How to buy a Counter Stool

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Countless times while working in retail furniture, customers would come into the store requesting bar stools.  The next question I would ask is, “Where will you be using the stools”.  The answer more often than not would be – at their kitchen counter.  For the record, kitchen counter tops are 36” high in most kitchens in North America, therefore, a bar stool is too high.glossary_heights dining tables and chairs larger

Counter stools have a 24” to 26” seat pan (the thing you sit on).  A bar stool has a 28” to 31” seat pan, so the user would have had to bend over too far to be comfortable at a kitchen counter.  Know this height before you go shopping for stools so that you are prepared to make a decision when confronted with the choice of heights.

Pneumatic lift stools can be an asset in many situations because of the range of heights available to the user.  Many will run between 24” to 31” so that one size fits all.  The only set-back with gas lift stools is that sooner or later your gas lift will die and the stool will sink to its lowest position.  You may be able to replace the gas lift in some models but most of the time it’s difficult to find a supplier of gas lifts that will fit your existing stool.

The foot rungs are very important to user comfort.  It is always best to find stools that have consistent rungs from front-to-back and from side-to-side at the same level because it allows the user to sit in a variety of positions.  Many stools will have front-to-back rungs that are at a different height than the side-to-side rails and the user has to have their feet in a higher position to sit with their feet on the rails.

One of the most important considerations with stools is the foot placement.  Some of the rungs are very narrow pieces of wood or metal, which are extremely uncomfortable for you to rest your feet on for any length of time.  It actually hurts your feet after a while.  The wider the foot space, the more comfortable they will be otherwise you’ll find yourself needing to put on shoes or slippers so that they don’t hurt the bottoms of your feet.  Some stools have little tiny footrests that look good but again are completely useless for long term comfort.

When the human body loses contact with the floor and we are supporting our weight with our derriere and feet, most people can only do this for a limited amount of time.  The pressure created on the back of the legs starts to slow down the user’s circulation and your legs become weary.  Lack of circulation also leads to your legs falling asleep, otherwise known as pins & needles.  So many customers have asked me over the years if they should use a higher table in their dining rooms and I always say no.  Not unless you are young and all of your guests will be young.  It is very tough to find really comfortable long term usage stools that an older generation can be happy sitting in for a few hours.

The nice thing about buying stools with no back is they will usually fit under any standard height counter tops and will provide adequate comfort to almost all size users.  One size fits all so as to speak.  The downfall with backless stools is that most people can only sit on a stool or bench for a limited length of time before they are done.  They need the back support in order to achieve greater comfort for long term seating.  This detail deserves careful consideration before buying backless stools.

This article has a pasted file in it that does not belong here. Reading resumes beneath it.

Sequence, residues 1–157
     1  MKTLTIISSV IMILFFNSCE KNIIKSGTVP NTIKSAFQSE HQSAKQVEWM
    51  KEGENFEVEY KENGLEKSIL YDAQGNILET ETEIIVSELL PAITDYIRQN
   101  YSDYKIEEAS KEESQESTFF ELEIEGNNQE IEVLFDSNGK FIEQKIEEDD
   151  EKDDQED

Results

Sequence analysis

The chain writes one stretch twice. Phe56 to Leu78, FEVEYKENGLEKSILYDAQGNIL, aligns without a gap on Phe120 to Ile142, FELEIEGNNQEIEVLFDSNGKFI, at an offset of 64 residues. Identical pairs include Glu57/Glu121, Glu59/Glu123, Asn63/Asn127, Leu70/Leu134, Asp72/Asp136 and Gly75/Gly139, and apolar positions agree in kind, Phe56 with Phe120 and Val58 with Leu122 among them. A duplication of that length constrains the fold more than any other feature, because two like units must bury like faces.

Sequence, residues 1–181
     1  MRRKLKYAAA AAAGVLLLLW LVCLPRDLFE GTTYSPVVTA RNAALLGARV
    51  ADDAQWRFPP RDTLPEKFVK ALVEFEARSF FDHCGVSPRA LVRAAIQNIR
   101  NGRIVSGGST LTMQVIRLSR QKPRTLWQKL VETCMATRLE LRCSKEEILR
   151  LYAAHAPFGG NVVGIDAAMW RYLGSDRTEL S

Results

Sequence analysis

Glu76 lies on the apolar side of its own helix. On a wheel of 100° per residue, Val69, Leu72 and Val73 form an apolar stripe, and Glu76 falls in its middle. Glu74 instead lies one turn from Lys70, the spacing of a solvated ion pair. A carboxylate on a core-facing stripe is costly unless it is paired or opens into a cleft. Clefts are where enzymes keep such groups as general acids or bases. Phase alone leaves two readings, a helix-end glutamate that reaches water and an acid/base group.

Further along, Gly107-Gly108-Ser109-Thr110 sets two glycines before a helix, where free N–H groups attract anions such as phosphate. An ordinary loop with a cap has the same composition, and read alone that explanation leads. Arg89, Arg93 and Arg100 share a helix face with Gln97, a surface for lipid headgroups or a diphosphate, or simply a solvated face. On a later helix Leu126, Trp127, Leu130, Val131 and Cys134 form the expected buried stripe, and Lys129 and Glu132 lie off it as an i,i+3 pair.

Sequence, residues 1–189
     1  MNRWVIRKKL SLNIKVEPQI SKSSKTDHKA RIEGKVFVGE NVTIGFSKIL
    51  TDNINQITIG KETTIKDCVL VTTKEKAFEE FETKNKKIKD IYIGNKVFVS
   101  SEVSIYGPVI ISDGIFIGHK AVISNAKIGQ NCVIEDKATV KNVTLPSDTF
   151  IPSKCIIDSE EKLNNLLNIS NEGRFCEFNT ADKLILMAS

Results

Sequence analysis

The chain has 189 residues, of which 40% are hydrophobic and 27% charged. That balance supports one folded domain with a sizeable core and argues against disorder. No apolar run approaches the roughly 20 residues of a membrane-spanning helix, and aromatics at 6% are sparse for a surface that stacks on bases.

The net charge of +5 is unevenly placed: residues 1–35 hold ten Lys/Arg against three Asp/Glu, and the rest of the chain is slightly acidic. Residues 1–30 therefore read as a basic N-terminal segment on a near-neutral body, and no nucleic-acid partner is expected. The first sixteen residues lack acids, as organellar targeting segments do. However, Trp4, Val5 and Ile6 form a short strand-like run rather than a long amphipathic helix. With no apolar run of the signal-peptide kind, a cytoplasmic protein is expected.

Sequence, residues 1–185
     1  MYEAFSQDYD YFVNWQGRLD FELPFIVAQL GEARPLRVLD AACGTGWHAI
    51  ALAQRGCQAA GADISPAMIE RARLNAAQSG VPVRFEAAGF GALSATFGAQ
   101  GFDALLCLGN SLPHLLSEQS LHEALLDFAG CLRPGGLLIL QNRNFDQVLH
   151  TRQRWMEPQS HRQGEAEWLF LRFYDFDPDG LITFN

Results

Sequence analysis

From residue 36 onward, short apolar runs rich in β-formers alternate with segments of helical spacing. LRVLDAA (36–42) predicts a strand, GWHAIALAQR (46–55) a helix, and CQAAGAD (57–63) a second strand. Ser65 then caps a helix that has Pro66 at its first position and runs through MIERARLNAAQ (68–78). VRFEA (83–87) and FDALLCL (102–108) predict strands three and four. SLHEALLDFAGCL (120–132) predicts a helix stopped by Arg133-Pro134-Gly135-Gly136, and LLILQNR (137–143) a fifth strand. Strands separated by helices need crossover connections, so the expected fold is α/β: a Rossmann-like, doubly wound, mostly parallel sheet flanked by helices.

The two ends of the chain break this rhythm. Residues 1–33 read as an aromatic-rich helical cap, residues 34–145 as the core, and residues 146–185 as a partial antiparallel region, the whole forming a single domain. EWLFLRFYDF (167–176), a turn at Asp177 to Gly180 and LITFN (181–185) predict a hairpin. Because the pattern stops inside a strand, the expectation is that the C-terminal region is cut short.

Having a back and arms will absolutely create a more comfortable stool but of course they can’t be stored under the counter top.  The backs will always be higher than your counter so they will be in full view all the time.  This will have an impact on your decorating scheme and so it must be considered.

The seat pans come in many shapes and sizes.  I strongly recommend that you sit on the stool for at least 30 minutes to see if it feels right.  Take off your shoes and see how the foot rungs feel on your stocking feet so you know if your body can take the size and position.  If they do have backs, lean against it and see if the angle of the recline works well for you.  Often manufacturers will have the stools or chairs leaning so far back that you couldn’t imagine trying to eat breakfast or sit comfortably with some guests for a long period of time.

Another major factor is the material.  Wood frame or metal frame.  Both work exceptionally well.  The question you have to ask yourself is about the durability.  Is it wiggly?  If yes, then you need to pass on them.  You need them to be sturdy and rigid so they can handle the weight of all your potential users.

Upholstered seats and backs can increase comfort and allow you to introduce other colours and patterns into your space, which is always a bonus.  Be sure that the fabric is tough and durable.  Can it be washed, scrubbed if necessary?  The quality of the seat foam can come into play but most stools have slab foam in the seats and therefore will flatten out within a couple years of use, meaning that it will need to be replaced.  The next question is “How easy would it be to replace the foam or the fabric on the stool?”  If it looks like it would be near impossible to change the foam or the fabric, then it might be something worth considering when making your selection.  Many wood stools come with non-upholstered wood seats, which will give great longevity to the product, but of course you lose a little comfort as the trade-off.  If it is a quality counter stool, then they can last a lifetime.